and of peculation as regards the public, was revealed by the
Minister of War when, in announcing to the House of Lords
last session, that he had, (of his own authority, and without
parliamentary sanction,) increased the pay of private soldiers in
the Crimea, he expressed his conviction that their former pay
would have been amply sufficient, but for the caprices and
exactions of commanding officers !
Two tracts have been devoted to the suggestion of improvements in the various departments of the public service, of each
of which the London Administrative Reform Association took
8,000 copies for gratuitous distribution. With Mr. Samuel
Morley, the first chairman of this body, and some of its leading
members,.the Council have been in most friendly communication;
and they have now the gratification of seeing amongst them
Mr. John Arthur Roebuck, its present president. The objects of
the two Associations are in fact nearly, if not quite identical, there
being scarcely one of the Financial Reform Tracts which does not
bear directly on some question of Administrative Reform. The
Council rejoice in the acquisition of such an auxiliary, though
conscious, as their allies must also be, that little substantial or
permanent good can be effected, if, whilst measures are taken to
improve the efficiency of subordinate employes, the higher offices
of the state are still to be all but monopolised by men of aristocratic birth and connections, who disdain trade and all connected
with it; if youths, fresh from college, who can repeat the names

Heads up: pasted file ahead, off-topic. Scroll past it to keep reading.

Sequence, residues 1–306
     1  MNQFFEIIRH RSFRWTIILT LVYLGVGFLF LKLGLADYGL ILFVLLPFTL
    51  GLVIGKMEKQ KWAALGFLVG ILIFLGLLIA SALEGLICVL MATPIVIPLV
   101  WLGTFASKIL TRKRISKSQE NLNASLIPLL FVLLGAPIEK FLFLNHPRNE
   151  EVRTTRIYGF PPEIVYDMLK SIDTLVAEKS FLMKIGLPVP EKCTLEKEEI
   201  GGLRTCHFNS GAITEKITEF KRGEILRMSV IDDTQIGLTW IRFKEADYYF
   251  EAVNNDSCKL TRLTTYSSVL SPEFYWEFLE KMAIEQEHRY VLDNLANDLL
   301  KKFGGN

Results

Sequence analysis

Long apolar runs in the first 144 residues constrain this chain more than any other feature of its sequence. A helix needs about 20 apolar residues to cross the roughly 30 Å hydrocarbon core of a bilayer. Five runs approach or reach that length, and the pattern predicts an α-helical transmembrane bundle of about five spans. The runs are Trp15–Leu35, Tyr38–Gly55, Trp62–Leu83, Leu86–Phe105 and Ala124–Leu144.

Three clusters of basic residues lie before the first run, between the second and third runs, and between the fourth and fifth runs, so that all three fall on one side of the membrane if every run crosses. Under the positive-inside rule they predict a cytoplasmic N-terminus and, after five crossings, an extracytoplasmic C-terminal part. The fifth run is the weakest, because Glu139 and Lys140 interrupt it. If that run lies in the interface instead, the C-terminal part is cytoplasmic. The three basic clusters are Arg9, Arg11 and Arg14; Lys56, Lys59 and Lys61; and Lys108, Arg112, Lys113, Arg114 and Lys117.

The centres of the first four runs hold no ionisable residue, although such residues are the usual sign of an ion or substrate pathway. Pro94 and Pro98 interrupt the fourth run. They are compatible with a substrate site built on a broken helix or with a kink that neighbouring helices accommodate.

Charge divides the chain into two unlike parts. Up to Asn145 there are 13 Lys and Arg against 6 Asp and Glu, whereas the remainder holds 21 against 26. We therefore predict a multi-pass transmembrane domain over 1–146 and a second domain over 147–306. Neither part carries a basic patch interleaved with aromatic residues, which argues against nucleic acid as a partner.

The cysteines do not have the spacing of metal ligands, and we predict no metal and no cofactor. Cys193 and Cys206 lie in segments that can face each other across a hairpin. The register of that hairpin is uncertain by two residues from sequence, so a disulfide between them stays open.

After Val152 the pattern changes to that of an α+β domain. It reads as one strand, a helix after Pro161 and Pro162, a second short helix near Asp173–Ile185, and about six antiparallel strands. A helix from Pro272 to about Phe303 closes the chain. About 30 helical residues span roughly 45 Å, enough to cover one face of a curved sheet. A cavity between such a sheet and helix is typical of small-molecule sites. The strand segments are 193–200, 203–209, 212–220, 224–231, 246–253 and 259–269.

of Homer's heroes, or Actceon's hounds,—trace the pedigree of
heathen gods and goddesses,—scan classic authors,—or tell the
altitude of the mountains in the moon, but are utterly ignorant
of all that relates to the practical business of life, are still to be
foisted into most responsible situations, as they may be under the
Treasury minute, which enables the minister to dispense with any
preliminary scrutiny before the new Board of Examiners. Principals as well as subordinates should be properly qualified; for, 18
if the former fail in conduct or capacity, the latter, however
competent, and however zealous, are pretty sure to go astray.
Efficient heads being provided for the different departments, to
them should be entrusted the power of promotion, punishment,
and dismissal, subject to parliamentary control; and on each of
these heads of departments would then fairly rest the whole
responsibility for that particular branch of the public service
committed to his charge.
Three other tracts devoted to an expose of " Governmental
improvidence," and two to the " fiscal doings" of the last session
of Parliament, may be mentioned as bearing on the same question
of Administrative Reform. Amongst the remedies suggested by
the Council, is the appointment of a permanent Finance Committee of the House of Commons, for the supervision of all
financial business—a matter hitherto neglected or slurred over by
the national stewards, in a manner which would entail disgrace
and dismissal on a highway board or parish vestry. In furtherance of this object, the Council issued a circular address to nearly
every member of both Houses of Parliament, and twice petitioned
the House of Commons. The circular was also forwarded to the
newspapers, many of which published it, and warmly approved of
the suggestion. There is reason to believe that to these and other
remonstrances emanating from the Association, it is owing that
rather more attention was paid last session to financial business—
that the shamefully neglected state of the national audit was made
known, and that there is now some prospect of improvemant in
the management of the public purse.
The Council have issued a tract on the decimalisation of